Brixton slumped to its lowest level since the early 1980s last night, shedding 19p, or more than 28 per cent of its value, to 48p amid renewed speculation about the need for capital in the commercial property sector.
Hammerson and British Land have already moved to raise funds, while Land Securities confirmed earlier this week that it was considering tapping its shareholders for cash. The fund raisings were widely trailed in the market, with numerous analysts highlighting the need for stronger balance sheets as the property market slowdown gathers pace.
Brixton, whose portfolio is focused on industrial and warehouse space in the south-east of England, is among those which traders expect will be next in line to raise cash, and last night’s weakness was pinned on rumours that an announcement was imminent. Some attributed the extent of the share-price fall to concerns that – owing to the worries about the resilience of its portfolio in the current downturn – the company may not attract as much support as other property groups that have recently gone down the rights-issue route. Brixton declined to comment on the speculation.
In the wider sector, Hammerson was down 9.3 per cent or 36p at 351.25p, British Land lost 3 per cent or 13.5p to 436.75p, and Land Securities was 8.5 per cent or 53p behind at 568.5p.
The blue-chips as a whole recorded their fourth consecutive session in the red, with the FTSE 100 retreating at one point below the 4,000-point mark before recovering to 4,034.13, down 2.43 per cent or 100.62 points, at the close.
Besides sharp falls in banking, mining and commercial property sectors, sentiment was hit by weakness on Wall Street, where investors – just back from a long weekend – digested the grim economic data released |on Monday.
News that the Japanese economy had shrunk by a record 3.3 per cent |in the last quarter attracted particular concern, undermining confidence around Standard Chartered, which retreated by 69.5p or almost |9 per cent to 710p, as investors began to worry about the strength of Asian markets.
HSBC was 6.7 per cent or 36p weaker at 494.5p after analysts at CLSA Asia-Pacific Markets said that, if the banking group goes the way of its peers in Asia, it may end up tapping shareholders for as much as $15bn (£10.5bn) in new funds.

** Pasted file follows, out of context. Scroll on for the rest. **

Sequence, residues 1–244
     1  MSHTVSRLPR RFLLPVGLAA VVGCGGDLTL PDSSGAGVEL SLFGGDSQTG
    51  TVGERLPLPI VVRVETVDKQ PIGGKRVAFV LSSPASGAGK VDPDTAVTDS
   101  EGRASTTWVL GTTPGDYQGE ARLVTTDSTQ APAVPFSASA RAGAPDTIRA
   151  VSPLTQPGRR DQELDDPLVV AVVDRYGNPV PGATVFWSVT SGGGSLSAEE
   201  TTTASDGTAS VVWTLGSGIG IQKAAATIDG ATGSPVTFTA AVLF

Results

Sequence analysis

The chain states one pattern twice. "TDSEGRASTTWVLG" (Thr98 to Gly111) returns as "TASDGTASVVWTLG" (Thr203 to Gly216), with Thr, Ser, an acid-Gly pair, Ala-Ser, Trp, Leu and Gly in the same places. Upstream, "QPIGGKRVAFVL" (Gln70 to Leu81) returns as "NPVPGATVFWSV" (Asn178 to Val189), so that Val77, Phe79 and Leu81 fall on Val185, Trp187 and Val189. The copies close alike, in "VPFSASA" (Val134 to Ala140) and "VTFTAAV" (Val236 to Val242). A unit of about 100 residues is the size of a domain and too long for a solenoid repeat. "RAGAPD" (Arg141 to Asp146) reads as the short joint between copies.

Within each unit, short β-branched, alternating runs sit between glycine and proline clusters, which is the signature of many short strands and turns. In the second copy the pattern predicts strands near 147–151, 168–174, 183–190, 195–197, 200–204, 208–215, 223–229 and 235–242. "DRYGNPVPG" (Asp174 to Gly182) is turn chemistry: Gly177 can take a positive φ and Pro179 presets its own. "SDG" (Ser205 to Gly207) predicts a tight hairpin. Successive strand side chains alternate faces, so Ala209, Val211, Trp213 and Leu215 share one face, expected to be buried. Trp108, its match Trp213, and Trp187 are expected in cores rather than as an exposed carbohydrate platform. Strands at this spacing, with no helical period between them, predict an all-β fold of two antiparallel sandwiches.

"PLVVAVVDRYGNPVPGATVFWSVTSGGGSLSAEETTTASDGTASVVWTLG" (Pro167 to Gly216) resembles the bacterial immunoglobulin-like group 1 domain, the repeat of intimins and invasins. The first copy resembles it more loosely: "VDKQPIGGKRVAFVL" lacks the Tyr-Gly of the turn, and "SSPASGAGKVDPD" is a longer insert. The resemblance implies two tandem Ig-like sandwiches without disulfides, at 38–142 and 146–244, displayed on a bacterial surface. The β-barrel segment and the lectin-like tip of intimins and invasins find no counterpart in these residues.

Lloyds Banking Group, which sold some shares in Brixton, also fell, losing 8.69 per cent or 4.9p to 51.5p. Credit Suisse was the latest to weigh in, lowering its target price for the stock to 55p from 90p and saying that, following the recent disclosure that HBOS was on track to report a £10bn loss for last year, it believed that “Lloyds will likely convert its £4bn government preference shares into equity”.
The Swiss broker also issued a circular on Kingfisher, reducing its target price to 125p from 150p for the retailer’s stock, which was down 6.3p at 133.7p.
The analysts at Credit Suisse said: “We believe that it is too early to buy Kingfisher, given the significant and continuing slide in profit expectations and high valuation relative to the peer group and market in general.”
The mining sector tracked metals prices, which weakened owing to the rising economic gloom. Xstrata, down 7 per cent or 54p at 702p, and Kazakhmys, down 6 per cent or 18.2p at 278.5p, were among the weakest.
The gold producer Randgold Resources, 7.53 per cent or 245p ahead at 3,498p, bucked the trend, however, thanks to the price of the precious metal, which firmed as investors sought a safe haven from the economic and financial turmoil.
Elsewhere, the FTSE 250 was down more than 3 per cent or 196.16 points at 6,265.71. Silver prices rose with gold prices, which in turn lifted Fresnillo, the Mexican silver miner, which gained almost 4 per cent or 15.5p to 410p.
On the downside, Yell, the directories group, fell to 38p, down almost |8 per cent or 3.25p, after UBS switched its stance on the stock to “sell” from “neutral”.
“In our view, Yell effectively has up to two years to trade its way out of the current downturn,” the broker said.
“However, revenue declines continue to accelerate, and Moody’s [the credit rating agency] has highlighted the risk of covenant pressures before March 2010 that could result in Yell having to refinance [debt] sooner rather than later.”
UBS was more positive on Wellstream, the oil services group, on which it initiated coverage with a “buy” rating, telling clients that the company was well positioned to benefit from strength in the oil services market. The endorsement was overshadowed by the weakness in commodity-related sectors, however, and the stock closed 4.8 per cent or 24p lower at 476p.
Also on the downside, Domino’s Pizza posted strong results, but the stock eased, losing 3.5 per cent or 8p to 218p, after chief financial officer Lee Ginsberg and Patricia Thomas, a director of the company’s main operating subsidiary, sold some shares in the company.